IMF funds at the Bank of Lebanon have already melted
In Lebanon, the latest bulletin issued by the Central Bank on Monday confirms the decline in hard currency reserves and shows that Lebanon has spent almost all of the billion dollars allocated to it by the International Monetary Fund in September 2021. The balance sheet shows that the country, hit by a crisis unprecedented for almost four years, is not about to turn the corner.
The Central Bank of Lebanon building in Beirut, April 23, 2020. Mohamed Azakir/Reuters
By: RFI Follow
With our correspondent in Beirut, Paul Khalifeh
The Bank of Lebanon's bulletin indicates that only $76 million remains of the billion dollars allocated by the International Monetary Fund under Special Drawing Rights in 2021. This mechanism allows the international financial institution to release funds outside of any financial assistance programme to enable countries in difficulty to finance imports of basic necessities, such as medicine or food.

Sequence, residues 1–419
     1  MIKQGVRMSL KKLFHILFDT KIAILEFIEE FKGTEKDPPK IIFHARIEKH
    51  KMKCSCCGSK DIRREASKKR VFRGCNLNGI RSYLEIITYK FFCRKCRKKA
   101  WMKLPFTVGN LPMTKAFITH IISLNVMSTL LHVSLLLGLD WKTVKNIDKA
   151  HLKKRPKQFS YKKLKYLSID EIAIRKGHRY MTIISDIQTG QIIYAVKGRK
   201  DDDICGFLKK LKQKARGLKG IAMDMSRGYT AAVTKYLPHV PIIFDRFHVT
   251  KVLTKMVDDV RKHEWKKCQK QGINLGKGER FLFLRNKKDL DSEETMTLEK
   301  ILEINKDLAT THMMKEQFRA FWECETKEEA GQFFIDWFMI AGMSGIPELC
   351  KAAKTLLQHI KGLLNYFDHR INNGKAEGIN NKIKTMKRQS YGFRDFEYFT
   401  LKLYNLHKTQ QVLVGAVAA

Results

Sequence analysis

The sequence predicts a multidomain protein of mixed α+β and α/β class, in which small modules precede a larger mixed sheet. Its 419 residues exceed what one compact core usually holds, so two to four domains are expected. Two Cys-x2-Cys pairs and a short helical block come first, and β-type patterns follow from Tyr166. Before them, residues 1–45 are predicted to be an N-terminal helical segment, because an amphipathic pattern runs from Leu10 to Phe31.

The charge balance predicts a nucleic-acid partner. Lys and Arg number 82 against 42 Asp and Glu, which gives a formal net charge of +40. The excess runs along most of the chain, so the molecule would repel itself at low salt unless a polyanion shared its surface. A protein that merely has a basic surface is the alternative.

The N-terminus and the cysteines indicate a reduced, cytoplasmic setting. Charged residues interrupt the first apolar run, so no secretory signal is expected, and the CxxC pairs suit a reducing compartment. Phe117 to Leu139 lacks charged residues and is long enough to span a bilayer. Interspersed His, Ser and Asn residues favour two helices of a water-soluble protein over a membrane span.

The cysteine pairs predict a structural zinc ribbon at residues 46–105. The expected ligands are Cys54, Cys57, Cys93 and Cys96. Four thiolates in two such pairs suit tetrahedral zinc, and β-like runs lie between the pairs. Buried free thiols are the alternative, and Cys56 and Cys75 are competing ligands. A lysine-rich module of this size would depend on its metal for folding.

The figures released by the Bank of Lebanon also show the continued decline in hard currency reserves, which fell by $84 million in one month.
These reserves amount to $7.2 billion, mainly composed of deposit guarantees from commercial banks. But Riad Salamé's successor at the head of the Bank of Lebanon, Wassim Mansouri, has pledged not to spend this money.
All these figures show that the Central Bank's room for intervention to control the foreign exchange market and to finance government spending is increasingly limited.
The only good news is that Lebanon's gold reserves are estimated at $18 billion. However, this gold cannot be sold without a law passed in Parliament, which is very unlikely.
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